CederbergThe two weeks have gone quickly. For the latter half of this week, we’ve been doing the usual mango and naartjie packing and things have been winding down a bit as the harvest finishes and the next set of tasks begin (I’m not sure what they’ll be, but I’ll be long gone anyway). I’ve used this weekend to sample the local hiking, which is incredibly steep and hard on the ankles and knees (all that loose sandstone) but rewarding as ever.

I climbed the higher hill today, which involved much scrambling through fynbos and skirting round huge sandstone cliffs. It was a three-hour round trip and worth every minute. The summit was almost like a limestone pavement, except it was sandstone with enormous boulders and cedar trees scattered about everywhere. It was completely silent – there weren’t even any birds (I’m told that this is because the leopards and caracals scare them off).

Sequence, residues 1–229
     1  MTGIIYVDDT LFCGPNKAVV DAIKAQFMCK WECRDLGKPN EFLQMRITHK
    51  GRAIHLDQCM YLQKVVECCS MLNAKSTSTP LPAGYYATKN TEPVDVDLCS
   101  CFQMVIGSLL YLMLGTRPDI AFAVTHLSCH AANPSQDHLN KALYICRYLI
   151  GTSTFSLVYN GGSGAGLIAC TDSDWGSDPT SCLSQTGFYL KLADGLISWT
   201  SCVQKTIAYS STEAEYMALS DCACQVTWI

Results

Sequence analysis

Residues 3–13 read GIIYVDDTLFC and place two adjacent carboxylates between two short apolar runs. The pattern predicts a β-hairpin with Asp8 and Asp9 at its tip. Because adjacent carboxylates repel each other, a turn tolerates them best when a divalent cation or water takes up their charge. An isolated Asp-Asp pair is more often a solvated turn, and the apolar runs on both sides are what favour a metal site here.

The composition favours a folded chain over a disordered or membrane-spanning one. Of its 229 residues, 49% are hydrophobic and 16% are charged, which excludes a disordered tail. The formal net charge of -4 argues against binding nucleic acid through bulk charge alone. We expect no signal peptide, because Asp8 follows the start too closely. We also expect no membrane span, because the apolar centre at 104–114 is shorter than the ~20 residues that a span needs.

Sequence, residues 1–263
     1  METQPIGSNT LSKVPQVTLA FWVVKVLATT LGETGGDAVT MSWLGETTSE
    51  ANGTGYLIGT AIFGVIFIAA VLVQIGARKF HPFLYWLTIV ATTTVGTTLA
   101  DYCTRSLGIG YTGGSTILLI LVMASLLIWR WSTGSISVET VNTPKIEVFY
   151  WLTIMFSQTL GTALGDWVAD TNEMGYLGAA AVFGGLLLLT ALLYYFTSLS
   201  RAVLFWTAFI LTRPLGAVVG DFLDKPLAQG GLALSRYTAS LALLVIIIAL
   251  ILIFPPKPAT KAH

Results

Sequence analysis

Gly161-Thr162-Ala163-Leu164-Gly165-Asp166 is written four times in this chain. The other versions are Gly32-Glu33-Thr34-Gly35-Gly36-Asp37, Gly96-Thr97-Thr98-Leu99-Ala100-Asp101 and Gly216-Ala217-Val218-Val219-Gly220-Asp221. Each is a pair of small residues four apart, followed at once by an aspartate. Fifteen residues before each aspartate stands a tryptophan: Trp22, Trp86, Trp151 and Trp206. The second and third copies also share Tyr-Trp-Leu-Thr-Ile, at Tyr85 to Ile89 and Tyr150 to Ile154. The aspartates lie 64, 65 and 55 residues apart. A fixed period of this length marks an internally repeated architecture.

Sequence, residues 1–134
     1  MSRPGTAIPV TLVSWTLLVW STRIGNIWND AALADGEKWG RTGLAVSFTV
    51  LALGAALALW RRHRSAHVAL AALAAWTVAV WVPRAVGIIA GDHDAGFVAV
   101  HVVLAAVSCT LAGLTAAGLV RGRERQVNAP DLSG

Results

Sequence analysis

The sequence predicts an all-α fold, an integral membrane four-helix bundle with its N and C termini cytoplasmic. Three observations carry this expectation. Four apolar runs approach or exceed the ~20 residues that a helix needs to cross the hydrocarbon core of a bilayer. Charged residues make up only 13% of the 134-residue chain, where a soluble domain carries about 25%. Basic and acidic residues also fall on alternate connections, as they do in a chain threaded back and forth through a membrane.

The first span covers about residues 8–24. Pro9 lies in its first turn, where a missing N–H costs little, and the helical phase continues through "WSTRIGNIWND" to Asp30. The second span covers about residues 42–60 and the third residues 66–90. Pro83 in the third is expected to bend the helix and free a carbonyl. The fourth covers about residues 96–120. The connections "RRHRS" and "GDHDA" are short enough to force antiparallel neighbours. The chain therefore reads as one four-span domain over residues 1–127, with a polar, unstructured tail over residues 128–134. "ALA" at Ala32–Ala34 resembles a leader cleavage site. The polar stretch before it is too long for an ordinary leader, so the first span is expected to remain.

Clanwilliam Cedar stumpOn the way down, I spotted a couple of hyraxes (Procavia capensis, also called rock dassies). Instinctively I reached for my elephant gun camera, but they were indistinguishable from the rocks (so no photos). They look like big-ass gophers and sound like a cross between a guinea pig and a hen, but are actually related to the elephant! As I continued my descent, a bunch of baboons started making a racket from the cliffs – not wanting to meet a 200-lb alpha male armed only with my Leatherman I quickened my pace and almost trod in some big scat (my nifty new term for big cat scat). It was fresh but not wet – almost certainly from last night. There were a few prints too, and although I lack the skill to differentiate between caracals and leopards the locals reckon it was more likely to be a leopard. I made it back to the farm just as the light was failing and was immediately leapt upon by the two puppies (maybe they could smell the leopard).